Friday, 16 November 2012

#Orangeberry Author Interview - Stephanie Dorman

Please tell us in one sentence only, why we should read your book. You should read my book because everyone should have a plan for the upcoming zombie apocalypse, and it’s written based on the plan that my boyfriend and I came up with when we were still dating.
Any other books in the works? Goals for future projects? Abandon is actually the first book in a three book series.  So my in the near future projects are the second books, Savior and Revolution.  In the far future I have a couple ideas that I’m playing with in my head – like the idea that superheroes and zombies exist in the same universe.
What inspired you to want to become a writer? I don’t think there was anything that really inspired me to become a writer.  It’s just something I’ve always done as long as I can remember.  On a blog when I released Abandon I did a history of my writing – and when I was in 2nd grade I wrote my first story about my baby teeth falling out.  I called it “My Baby Tooth and my New Tooth:  A New Beginning”.  I think it’s just always been in my blood.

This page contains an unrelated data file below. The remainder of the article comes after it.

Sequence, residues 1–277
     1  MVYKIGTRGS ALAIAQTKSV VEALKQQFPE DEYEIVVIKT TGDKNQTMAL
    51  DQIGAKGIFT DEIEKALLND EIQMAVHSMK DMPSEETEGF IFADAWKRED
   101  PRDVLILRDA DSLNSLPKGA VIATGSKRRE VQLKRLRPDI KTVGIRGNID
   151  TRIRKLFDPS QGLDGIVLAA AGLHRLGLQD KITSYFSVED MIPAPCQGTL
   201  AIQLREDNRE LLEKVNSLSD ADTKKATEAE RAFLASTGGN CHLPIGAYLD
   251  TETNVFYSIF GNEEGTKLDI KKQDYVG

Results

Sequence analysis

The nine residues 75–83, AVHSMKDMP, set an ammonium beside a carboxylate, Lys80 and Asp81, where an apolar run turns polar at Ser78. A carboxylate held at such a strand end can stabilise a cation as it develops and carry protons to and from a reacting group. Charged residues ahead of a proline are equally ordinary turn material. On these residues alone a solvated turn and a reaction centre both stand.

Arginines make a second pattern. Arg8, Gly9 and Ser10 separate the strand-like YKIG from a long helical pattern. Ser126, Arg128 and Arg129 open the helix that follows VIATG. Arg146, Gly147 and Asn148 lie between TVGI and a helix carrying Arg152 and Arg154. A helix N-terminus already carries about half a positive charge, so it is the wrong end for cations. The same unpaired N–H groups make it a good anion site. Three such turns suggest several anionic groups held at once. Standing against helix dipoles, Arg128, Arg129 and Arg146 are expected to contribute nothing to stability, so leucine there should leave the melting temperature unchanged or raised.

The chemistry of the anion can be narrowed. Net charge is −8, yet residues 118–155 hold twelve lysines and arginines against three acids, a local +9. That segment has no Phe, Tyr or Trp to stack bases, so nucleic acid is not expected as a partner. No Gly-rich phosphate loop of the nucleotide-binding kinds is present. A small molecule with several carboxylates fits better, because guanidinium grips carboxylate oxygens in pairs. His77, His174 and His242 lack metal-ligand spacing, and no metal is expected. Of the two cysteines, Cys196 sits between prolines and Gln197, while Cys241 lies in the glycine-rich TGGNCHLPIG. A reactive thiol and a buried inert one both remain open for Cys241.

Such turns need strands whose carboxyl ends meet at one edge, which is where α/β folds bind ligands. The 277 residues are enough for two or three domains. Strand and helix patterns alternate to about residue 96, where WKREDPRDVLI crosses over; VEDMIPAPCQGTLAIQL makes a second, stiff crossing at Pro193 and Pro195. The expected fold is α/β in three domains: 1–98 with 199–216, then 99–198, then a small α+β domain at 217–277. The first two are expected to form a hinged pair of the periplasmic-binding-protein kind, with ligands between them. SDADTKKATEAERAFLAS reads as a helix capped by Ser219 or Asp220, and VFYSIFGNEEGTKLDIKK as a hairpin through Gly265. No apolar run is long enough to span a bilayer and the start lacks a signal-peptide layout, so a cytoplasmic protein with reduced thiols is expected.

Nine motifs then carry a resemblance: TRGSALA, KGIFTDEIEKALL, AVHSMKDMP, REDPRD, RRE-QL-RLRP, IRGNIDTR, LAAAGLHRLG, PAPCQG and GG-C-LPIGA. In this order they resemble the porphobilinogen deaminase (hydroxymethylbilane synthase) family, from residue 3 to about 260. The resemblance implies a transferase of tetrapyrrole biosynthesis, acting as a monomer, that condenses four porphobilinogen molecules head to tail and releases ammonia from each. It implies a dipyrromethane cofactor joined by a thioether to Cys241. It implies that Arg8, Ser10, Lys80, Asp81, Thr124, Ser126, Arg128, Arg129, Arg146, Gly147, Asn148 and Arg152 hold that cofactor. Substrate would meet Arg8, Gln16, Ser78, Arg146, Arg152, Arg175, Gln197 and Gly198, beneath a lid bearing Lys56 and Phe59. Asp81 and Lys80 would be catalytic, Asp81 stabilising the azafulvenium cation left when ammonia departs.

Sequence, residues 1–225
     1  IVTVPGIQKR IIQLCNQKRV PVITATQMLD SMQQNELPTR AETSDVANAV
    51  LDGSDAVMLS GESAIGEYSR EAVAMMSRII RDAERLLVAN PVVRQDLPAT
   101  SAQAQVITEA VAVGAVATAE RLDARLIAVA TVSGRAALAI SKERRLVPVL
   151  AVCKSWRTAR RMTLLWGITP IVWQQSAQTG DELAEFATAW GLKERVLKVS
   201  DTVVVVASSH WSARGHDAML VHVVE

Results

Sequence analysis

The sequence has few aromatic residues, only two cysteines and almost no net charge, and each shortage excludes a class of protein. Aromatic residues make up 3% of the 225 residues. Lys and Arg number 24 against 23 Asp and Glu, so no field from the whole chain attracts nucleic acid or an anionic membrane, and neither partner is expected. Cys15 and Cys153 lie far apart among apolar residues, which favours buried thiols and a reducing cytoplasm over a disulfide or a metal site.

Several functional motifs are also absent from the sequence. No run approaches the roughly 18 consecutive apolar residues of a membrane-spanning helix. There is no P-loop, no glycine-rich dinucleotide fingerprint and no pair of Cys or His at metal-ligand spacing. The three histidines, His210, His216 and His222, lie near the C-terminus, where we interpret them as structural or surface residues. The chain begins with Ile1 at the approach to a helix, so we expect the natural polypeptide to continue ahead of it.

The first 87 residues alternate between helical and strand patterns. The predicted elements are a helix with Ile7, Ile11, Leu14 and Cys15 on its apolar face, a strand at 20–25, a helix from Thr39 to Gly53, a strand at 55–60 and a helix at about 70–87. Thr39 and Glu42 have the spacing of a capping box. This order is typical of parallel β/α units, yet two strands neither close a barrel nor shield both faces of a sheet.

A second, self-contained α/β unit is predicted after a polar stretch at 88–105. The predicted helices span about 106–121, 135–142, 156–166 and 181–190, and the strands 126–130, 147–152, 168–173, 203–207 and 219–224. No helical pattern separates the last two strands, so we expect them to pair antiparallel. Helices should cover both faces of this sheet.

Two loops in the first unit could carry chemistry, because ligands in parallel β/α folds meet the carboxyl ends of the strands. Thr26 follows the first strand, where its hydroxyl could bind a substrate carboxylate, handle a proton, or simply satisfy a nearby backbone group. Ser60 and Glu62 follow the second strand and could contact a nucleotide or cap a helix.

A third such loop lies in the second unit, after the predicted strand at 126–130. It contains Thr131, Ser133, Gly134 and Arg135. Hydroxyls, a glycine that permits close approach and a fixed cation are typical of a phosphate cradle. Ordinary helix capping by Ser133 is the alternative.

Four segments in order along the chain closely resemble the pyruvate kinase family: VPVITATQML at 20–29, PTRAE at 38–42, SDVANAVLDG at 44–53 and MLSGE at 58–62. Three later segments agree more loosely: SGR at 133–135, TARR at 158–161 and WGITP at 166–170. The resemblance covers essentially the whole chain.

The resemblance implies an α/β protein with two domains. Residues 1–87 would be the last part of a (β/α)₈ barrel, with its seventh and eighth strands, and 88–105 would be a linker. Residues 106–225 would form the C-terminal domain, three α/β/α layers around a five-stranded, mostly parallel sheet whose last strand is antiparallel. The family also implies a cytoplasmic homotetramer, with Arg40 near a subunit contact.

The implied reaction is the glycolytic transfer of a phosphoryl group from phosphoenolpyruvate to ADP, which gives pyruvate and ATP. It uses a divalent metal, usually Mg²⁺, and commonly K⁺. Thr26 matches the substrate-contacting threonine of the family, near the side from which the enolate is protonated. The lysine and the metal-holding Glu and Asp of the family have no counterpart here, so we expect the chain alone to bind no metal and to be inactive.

Tell us your most rewarding experience since being published. I think just publishing my own book was a rewarding experience – to be able to say that I actually did it (finally).  The most exciting moment was when I got my first review from someone that I didn’t know at all though, I looked at it for a while, and then just jumped out of my chair and started dancing around.  It’s awesome to have people you don’t know love your stuff.
What’s one piece of advice you would give aspiring authors? I think the biggest mistake I made was not getting a professional editor.  I couldn’t really afford it so I had a ton of my friends and people I knew in the industry look it over.  I think the majority of the major mistakes were caught, but a professional editor, if you can afford one, is the best way to go.  Definitely.